Moore grew up in East San Jose, where he observed a dual system of treatment between Caucasians and others. He became determined to help eliminate these inequities.
The summer before high school, Moore participated in SCU’s Project 50, designed to prepare students for challenging high school courses. It gave him the confidence to take on leadership roles, including serving as president of the Black Student Union.
Moore earned a degree in political science from the University of Washington in 1982 and, because of his experience in Project 50, chose Santa Clara University School of Law. Moore was treasurer of the Student Bar Association, president of the Black Law Student Association, and associate editor of the Computer and High Technology Law Journal. Since then, he has served on Santa Clara Law’s Alumni Board and Board of Visitors.
After graduating from Santa Clara Law, Moore established his own practice representing plaintiffs in employment cases.
In 1997, Moore became general counsel of the East Side Union High School District. The same year, he was recognized as the Loran Miller Statewide California Attorney of the Year. He served as pro bono general counsel to the Santa Clara County Black Chamber of Commerce and on the board of the Santa Clara County Bar Association. In 2000, Moore joined the Atlanta Public Schools as its general counsel. Moore served as chair of the NSBA Urban School Law Committee, and on the National School Board Association Council of School Attorneys.
In 2005, Moore joined the Atlanta office of Greenberg Traurig where he practices in the areas of labor and employment, litigation, and commercial transactions. In 2007 and 2008, Moore was listed in The Best Lawyers in America. He is also an "AV" rated lawyer, a recognition of his many years of practice and his high level of skill and integrity.
Moore resides in Atlanta with his wife, Yaslyn, and their son and daughter; an older daughter just graduated from college.
Sprinkles had different ideas. She finished her bachelor’s degree in political science at San Jose State University in 1965, and enrolled in graduate school. But the political turmoil of the ’60s and her desire to have a tool to help change society led her to law school.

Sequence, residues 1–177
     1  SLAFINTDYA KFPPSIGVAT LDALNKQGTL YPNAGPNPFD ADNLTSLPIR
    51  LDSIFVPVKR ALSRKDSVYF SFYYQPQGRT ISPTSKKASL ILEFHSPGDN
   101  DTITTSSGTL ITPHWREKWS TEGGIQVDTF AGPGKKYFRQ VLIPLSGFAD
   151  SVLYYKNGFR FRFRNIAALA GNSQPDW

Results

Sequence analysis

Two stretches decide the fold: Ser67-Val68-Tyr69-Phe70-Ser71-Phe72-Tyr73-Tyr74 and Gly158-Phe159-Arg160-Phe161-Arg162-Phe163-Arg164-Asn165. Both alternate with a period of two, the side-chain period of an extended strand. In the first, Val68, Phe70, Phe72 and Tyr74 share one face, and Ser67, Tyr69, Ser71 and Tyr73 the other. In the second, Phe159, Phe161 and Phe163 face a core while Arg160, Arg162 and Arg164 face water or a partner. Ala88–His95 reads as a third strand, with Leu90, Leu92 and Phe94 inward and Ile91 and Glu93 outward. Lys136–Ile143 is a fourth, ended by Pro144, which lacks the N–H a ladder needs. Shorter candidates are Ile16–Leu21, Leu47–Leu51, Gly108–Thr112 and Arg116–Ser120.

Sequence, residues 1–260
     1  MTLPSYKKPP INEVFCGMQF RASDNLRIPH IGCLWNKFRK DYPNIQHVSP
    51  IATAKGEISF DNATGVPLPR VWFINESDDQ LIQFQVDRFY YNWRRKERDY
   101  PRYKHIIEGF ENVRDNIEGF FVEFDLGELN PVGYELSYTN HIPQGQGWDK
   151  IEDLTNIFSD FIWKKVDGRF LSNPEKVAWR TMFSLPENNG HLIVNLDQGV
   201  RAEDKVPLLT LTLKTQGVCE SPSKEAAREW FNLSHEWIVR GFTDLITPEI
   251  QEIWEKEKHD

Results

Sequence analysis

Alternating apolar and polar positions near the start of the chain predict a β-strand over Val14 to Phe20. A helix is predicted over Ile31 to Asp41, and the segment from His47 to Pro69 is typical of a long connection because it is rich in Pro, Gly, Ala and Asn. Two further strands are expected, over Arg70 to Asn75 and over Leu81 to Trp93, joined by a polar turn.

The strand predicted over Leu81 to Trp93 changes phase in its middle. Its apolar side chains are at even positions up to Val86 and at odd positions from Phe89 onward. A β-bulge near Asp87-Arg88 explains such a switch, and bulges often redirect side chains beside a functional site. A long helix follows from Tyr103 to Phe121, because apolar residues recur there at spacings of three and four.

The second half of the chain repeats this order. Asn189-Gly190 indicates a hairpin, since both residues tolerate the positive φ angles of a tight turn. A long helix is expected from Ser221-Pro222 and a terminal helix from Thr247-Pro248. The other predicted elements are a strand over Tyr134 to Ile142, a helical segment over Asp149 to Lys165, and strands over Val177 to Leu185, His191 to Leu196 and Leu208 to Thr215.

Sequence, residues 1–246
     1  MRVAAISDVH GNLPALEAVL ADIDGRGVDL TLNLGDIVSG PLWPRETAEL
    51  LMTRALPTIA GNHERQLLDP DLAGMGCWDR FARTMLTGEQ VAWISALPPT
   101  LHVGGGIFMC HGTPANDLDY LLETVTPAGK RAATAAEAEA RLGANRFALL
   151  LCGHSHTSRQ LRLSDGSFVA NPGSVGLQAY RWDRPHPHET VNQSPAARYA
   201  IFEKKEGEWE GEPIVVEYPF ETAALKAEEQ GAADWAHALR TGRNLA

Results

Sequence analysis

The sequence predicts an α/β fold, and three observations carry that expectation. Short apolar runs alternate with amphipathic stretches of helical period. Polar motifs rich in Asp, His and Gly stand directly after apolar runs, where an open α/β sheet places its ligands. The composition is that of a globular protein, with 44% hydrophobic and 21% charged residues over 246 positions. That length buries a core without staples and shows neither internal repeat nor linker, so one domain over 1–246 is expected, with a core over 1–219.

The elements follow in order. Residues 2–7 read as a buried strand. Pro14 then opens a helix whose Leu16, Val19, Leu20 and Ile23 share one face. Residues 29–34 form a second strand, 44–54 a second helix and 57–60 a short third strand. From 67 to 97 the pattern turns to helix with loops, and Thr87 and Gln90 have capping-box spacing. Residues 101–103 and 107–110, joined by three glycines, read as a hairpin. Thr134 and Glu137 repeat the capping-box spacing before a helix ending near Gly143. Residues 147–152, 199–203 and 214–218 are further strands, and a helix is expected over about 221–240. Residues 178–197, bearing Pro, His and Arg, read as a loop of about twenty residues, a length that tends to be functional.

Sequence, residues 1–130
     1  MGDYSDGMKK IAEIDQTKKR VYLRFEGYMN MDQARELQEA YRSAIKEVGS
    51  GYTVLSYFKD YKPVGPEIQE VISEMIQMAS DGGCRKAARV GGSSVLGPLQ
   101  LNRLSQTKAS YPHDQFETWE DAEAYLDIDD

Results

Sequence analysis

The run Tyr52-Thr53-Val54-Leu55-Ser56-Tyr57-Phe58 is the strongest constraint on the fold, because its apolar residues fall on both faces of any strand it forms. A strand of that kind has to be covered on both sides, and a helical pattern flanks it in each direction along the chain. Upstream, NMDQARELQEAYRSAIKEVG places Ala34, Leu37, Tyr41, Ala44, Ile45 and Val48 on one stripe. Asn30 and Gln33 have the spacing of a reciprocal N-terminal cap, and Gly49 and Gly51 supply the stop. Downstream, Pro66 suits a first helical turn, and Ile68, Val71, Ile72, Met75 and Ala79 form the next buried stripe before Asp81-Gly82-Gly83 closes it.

Sprinkles says she belonged to the first generation of women who had never heard anyone say, "You can’t do that because you’re a woman." Though they did not have college degrees themselves, her parents had also given her the sense that she could do anything she chose to do.
Co-founder of McPharlin, Sprinkles & Thomas, a San Jose firm where she practices real estate law, Catherine Sprinkles ‘73 (here with SCU University President Paul Locatelli, S.J.) is a tireless advocate for women in the legal profession.
Sprinkles enrolled at Santa Clara University School of Law in 1970, when her two children were in elementary school. Her class included veterans returning from Vietnam, and, for those times, numerous women.
When Sprinkles graduated in 1973, female lawyers faced a tough job market. She was lucky—she got the first job she interviewed for when the partner told her he would treat her how he would want his daughter treated. But she began hearing from other female lawyers about the disparate treatment they suffered in their firms.
Sprinkles became a tireless advocate for women in the legal profession and a leader in terms of challenging the status quo and modeling the way for other women to succeed in the profession. In the late 1970s, Sprinkles was one of a group that co-founded Santa Clara Women Lawyers, which advocated for equal treatment of women in the law. She served on the board of California Women Lawyers and chaired the California State Bar committee on Women in the Law.
In 1986, Sprinkles joined Jackson, Tufts, Cole & Black in San Jose and became a partner. In 1994, she co-founded McPharlin, Sprinkles & Thomas, a San Jose firm where she practices real estate law. At her firm, six of the eight partners are women. Her legal assistant is a law student at SCU.